The Childhood Cancer Blog

The RACE for Children Act (Four Things You Need to Know)

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By: Trish Adkins

On August 18, 2020, the RACE for Children Act went into effect and requires pharmaceutical companies to evaluate new drugs in children with cancer as they develop drugs for adults.

The RACE Act, which was signed into law three years ago, makes it standard practice for all pharmaceutical companies to evaluate new molecularly targeted drugs and biologics “intended for the treatment of adult cancers and directed at a molecular target substantially relevant to the growth or progression of a pediatric cancer,” in both adult and pediatric studies. Ideally this act will accelerate the evaluation of new drugs, ultimately bringing new cures to children with cancer.

Here are four things you need to know about the RACE for Children Act:

1.    The RACE (Research to Accelerate Cures and Equity) for Children Act is not an entirely new law. 
In August 2017, it was incorporated as Title V of the FDA Reauthorization Act to amend the Pediatric Research Equity Act (PREA). PREA required pharmacuetical companies to test drugs developed for adults in children, but because of the way the original law was written, this did not necessarily happen because companies could receive an exemption from this requirement. Under PREA, there were no FDA-required studies of cancer drugs for children.

2.    The RACE for Children Act eliminates the Orphan Designation Exemption for pediatric studies. 
Even though childhood cancer is the number one cause of death by disease in children in the United States, it is still considered a rare or orphan disease, affecting less than 200,000 children a year. Pharmaceutical companies could forgo pediatric studies under PREA by receiving an orphan designation exemption. Under the RACE Act, pharmaceutical companies must include pediatric studies in their drug development plan, regardless of the cancer’s orphan status.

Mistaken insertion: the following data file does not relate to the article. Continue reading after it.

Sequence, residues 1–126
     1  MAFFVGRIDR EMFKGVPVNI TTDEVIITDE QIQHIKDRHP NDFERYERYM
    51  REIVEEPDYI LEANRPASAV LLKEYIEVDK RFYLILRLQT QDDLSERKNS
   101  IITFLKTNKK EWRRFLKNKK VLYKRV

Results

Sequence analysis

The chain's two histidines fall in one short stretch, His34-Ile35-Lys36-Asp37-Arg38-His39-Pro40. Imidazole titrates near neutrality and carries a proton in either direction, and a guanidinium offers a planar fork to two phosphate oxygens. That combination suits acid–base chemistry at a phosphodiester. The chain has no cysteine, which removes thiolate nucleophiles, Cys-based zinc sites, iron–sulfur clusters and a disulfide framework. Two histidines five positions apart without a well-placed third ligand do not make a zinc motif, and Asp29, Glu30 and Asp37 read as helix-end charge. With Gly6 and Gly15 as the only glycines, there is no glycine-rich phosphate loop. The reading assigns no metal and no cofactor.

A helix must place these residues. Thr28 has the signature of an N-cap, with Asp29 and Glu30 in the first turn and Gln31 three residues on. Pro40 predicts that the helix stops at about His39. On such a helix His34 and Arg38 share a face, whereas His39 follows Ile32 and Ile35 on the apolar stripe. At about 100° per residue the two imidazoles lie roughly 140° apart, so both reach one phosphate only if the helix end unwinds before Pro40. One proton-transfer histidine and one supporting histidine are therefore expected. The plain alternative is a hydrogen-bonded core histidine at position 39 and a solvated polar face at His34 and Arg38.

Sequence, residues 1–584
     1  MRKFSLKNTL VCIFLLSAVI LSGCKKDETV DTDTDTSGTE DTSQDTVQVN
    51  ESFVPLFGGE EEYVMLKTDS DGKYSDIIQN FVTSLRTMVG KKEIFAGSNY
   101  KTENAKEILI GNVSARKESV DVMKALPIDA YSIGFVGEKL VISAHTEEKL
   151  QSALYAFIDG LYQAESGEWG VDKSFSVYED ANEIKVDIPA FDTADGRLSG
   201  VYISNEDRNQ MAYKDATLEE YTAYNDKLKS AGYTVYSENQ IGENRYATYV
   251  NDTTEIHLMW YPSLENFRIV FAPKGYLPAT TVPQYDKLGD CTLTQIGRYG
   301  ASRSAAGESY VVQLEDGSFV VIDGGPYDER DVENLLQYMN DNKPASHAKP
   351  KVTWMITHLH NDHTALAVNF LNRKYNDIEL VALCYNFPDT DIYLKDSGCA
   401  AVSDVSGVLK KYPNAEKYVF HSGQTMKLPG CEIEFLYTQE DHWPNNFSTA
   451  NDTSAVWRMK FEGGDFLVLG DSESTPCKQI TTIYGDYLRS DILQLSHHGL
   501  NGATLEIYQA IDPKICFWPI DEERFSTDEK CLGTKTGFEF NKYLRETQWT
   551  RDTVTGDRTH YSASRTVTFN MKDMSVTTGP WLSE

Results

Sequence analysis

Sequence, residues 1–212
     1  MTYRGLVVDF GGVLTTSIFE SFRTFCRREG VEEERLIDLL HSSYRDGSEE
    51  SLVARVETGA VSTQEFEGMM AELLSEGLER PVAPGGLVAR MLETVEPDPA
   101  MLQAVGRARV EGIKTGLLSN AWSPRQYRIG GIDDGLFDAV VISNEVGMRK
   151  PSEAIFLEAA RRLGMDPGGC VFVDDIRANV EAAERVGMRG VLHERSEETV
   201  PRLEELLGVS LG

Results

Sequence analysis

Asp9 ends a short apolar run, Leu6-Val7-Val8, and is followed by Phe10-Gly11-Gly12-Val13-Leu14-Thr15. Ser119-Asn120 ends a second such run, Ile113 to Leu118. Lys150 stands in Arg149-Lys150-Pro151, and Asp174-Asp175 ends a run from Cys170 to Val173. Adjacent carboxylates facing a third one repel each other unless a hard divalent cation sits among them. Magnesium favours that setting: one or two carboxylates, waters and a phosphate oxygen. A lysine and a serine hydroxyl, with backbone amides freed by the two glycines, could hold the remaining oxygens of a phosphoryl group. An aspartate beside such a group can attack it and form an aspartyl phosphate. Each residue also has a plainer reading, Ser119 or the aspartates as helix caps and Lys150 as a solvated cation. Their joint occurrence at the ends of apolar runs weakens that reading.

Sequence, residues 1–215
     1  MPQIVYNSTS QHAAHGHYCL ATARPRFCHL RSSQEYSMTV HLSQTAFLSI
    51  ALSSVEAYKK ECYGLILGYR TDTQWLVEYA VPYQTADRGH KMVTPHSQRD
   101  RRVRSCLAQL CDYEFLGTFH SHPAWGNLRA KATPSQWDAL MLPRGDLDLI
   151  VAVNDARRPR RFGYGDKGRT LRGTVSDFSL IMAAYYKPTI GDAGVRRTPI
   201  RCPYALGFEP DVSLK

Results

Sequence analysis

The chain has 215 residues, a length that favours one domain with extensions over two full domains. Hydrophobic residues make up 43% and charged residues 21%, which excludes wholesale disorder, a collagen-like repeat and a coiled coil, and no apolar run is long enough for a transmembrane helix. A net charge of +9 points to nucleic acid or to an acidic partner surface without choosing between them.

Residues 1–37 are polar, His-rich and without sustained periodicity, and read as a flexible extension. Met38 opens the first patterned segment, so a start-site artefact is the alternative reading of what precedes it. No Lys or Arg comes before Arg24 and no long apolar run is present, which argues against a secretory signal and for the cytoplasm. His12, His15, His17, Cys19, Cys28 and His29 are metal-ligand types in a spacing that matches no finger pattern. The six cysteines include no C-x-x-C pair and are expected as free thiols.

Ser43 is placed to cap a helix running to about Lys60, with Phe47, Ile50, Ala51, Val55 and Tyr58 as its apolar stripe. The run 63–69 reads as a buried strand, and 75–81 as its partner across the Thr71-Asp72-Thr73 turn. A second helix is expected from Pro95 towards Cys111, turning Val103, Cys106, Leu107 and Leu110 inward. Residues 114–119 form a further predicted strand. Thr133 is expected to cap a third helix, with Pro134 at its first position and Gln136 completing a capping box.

3.    Although adult cancers and childhood cancers are not the same, they can share the same molecular targets. 
As precision therapy continues to hold more promise for safer treatments and cures for children, more molecular targets – the oncogenes or proteins that drive the development of cancers – are being found and studied. As a result, precision therapies that target these molecular changes are being developed. The RACE for Children Act opens the door to studying these new drugs in children and could lead to additional customized treatment options for the rarest childhood cancers. 

4.    The RACE for Children Act should open the door to more innovative pediatric cancer studies. 
Pharmaceutical companies must include a plan for gathering clinically meaningful study data, “using appropriate formulations, regarding dosing, safety and preliminary efficacy to inform potential pediatric labeling.” This should foster more collaboration across industry, government and academia to ensure pediatric studies are done safely and efficiently. 

Learn more about childhood cancer research and Alex’s Lemonade Stand Foundation’s innovative childhood cancer research grants program here.